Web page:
• ORGANIC VALLEY BUTTER FROM WISCONSIN is supposed to be fabulous!  If anybody has an idea of how to get it into Canada or if you know of a store in/near Buffalo that sells it, let us know. They sell European (84% fat) cultured butter and Pasture Butter (salted) which is produced in small quantities and only seasonally.

• L’ANCETRE BUTTER – this butter is made at a Creamery in Quebec. The cream is non-homogenized (but pasteurized) and is great for cooking, making ghee or just eating as is. Cows are NOT exclusively pastured but the pasture content is higher when grass is available. (May to October?) This is the butter that I buy the most. Available at Karma Co-op, Fiesta Farms, Big Carrot, Ambrosia, etc. I have been buying cases from ONFC to bring the price down even further to about $5.42 per 250 g ($65 for a case of 12).

• STIRLING BUTTER – this is a smaller Ontario creamery that makes good butter (not organic and most likely not exclusively pastured). It also makes a special butter that is 84% MF. (usually butter is 80% fat and the extra 4% makes a great difference when baking).  They call this butter CHURN 84 RESERVE.  The 84% butter sold in stores is unfortunately salted. In order to obtain non-salted high fat butter, one has to buy a block of 25 kg and cut it into manageable pieces.  This butter is sold to bakeries but one can order it if one carries a business.  Order in mid July or late October for spring/fall butter and higher pasture content.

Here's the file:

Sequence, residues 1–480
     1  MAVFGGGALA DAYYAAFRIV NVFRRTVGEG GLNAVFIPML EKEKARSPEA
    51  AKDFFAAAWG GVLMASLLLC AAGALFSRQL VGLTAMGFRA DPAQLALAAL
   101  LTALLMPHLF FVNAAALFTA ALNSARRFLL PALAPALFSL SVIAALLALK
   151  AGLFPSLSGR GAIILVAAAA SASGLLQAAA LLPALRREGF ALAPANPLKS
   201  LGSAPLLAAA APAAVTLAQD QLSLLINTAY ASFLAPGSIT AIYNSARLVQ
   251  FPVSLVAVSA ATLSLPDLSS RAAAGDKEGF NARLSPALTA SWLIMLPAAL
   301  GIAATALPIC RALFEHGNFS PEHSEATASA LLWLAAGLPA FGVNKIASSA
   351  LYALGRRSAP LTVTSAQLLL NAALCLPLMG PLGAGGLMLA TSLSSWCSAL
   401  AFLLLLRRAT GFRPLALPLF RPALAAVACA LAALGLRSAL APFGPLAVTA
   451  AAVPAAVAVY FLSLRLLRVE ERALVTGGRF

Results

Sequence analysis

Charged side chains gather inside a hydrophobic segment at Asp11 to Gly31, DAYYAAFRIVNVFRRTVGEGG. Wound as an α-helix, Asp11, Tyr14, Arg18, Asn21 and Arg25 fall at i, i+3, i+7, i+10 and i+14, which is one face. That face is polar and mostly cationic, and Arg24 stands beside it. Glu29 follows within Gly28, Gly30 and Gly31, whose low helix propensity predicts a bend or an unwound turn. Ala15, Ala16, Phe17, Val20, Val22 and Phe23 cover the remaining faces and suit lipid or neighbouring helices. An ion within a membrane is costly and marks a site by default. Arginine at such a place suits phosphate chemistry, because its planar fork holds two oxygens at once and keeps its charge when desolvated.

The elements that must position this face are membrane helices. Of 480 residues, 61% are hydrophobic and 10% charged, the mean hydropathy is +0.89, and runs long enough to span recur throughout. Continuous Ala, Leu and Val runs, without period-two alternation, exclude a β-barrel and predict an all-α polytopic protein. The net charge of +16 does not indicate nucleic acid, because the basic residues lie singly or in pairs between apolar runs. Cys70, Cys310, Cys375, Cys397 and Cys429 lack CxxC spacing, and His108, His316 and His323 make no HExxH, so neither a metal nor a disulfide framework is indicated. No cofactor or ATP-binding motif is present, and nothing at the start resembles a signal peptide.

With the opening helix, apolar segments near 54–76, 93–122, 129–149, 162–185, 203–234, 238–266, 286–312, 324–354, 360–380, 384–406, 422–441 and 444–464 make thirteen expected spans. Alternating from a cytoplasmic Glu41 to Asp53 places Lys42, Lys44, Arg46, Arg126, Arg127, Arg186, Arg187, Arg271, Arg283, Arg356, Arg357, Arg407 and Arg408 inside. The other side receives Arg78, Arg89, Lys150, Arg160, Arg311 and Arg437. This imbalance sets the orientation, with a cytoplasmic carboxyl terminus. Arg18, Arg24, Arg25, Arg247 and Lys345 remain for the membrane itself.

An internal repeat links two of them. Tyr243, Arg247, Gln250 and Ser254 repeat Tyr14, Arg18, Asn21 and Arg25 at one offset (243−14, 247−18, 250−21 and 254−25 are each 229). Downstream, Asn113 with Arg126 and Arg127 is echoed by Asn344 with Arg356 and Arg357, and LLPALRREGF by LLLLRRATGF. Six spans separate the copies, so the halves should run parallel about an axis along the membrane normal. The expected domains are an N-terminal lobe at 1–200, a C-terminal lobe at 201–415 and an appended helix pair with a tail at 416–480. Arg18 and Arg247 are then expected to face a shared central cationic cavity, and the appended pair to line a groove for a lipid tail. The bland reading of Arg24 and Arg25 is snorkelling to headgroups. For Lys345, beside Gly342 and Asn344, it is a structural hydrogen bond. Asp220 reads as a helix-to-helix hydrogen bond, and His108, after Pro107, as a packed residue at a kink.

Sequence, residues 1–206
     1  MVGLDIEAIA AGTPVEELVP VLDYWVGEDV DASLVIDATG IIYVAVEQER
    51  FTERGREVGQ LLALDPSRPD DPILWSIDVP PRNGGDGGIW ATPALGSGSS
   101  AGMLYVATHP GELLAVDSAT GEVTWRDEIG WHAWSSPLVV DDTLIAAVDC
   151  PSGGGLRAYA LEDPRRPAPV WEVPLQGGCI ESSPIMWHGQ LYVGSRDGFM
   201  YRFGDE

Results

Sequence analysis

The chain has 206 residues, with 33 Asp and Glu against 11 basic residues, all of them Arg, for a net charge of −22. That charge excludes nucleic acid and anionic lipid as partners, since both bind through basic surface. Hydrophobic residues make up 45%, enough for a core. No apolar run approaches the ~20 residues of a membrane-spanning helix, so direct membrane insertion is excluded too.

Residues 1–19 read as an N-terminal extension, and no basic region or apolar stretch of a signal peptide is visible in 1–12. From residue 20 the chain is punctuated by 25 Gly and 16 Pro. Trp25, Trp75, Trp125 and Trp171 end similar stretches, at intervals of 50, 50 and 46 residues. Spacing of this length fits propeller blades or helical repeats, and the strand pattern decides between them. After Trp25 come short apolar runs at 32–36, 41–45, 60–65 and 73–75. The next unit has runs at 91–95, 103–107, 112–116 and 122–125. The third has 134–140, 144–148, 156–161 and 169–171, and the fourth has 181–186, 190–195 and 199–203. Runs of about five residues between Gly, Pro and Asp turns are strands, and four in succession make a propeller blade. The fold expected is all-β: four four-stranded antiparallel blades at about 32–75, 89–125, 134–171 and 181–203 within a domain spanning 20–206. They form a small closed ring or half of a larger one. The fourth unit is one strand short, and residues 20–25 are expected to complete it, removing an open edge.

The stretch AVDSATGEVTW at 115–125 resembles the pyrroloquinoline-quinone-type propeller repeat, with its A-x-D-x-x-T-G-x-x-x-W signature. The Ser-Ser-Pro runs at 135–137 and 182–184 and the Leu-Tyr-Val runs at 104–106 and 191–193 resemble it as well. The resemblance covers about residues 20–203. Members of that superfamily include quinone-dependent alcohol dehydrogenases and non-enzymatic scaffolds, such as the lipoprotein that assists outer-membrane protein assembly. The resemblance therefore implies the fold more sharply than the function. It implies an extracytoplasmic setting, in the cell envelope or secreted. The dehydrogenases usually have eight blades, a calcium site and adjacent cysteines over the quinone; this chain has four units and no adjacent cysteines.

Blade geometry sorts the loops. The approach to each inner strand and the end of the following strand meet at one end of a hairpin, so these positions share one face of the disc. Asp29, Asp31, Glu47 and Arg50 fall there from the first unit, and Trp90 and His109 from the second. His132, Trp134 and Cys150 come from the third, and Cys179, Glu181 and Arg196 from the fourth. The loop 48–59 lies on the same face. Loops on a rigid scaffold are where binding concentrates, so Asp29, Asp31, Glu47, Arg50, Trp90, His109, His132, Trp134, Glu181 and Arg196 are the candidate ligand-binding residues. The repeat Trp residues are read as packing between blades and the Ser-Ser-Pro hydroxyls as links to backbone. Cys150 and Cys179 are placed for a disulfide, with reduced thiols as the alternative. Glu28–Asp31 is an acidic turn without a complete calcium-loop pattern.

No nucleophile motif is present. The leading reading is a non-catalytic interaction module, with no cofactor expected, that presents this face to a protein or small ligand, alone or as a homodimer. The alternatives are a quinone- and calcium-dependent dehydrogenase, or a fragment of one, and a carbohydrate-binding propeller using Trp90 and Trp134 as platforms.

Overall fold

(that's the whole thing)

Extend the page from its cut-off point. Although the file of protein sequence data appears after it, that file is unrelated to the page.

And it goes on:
• BROOKERS in Schomberg – deliveries to Toronto for orders of a minimum of $ 100 – They advertise their butter as  “unsalted grass fed butter” and it is pasteurized. Price is $ 14/HALF LB and they are presently OUT OF STOCK but I have been told by them that the product should be on their website again in a couple of weeks and possibly at a lower price.  You can order online and they do offer delivery. Although when I checked they were out of stock, I would have to pass on the price of $13.00 per half pound. Here’s a forum thread with people buying Brookers butter.

• ORGANIC MEADOW cultured butter, pasteurized. Company states that the cows are 95-100% pastured in the summer and 70 – 85% pastured in the winter. Additional feed is organic (non GMO) alfalfa, peas, oats, soybeans and corn. Widely available, including some Loblaws stores.

• GAY LEA butter, not organic, pasteurized, not exclusively pastured

Butter freezes well. If you find a good source, buy in bulk and freeze for later use. Making ghee is another way to preserve butter but also to remove proteins that some are intolerant to.

Generally the organic butters in the Toronto market are decent. For even conventional butters the Canadian government fortunately does not allow growth hormones to be given to cows to stimulate milk production (in the US conventional milk may have growth hormones).

Other links:

How to find raw grass fed milk and butter in Canada

Ask Whole9 Canada: Where can I find grass-fed dairy in Canada?

Update: Was pleasantly surprised to see this limited time “Pasture Butter” label on Organic Meadow butter:

OM Pasture Butter

OM Pasture Butter

Of course I had to see how it stacked up to L’Ancetre:

OM vs L’Ancetre

Color isn’t everything but L’Ancetre looks pretty darn good comparatively especially considering it was purchased much earlier in the spring vs. the prime summer Organic Meadow. I would like to confirm whether Organic Meadow selectively labels or simply applies it to all their butter this time of year. Regardless it is nice to see a company appealing to savvy butter consumers.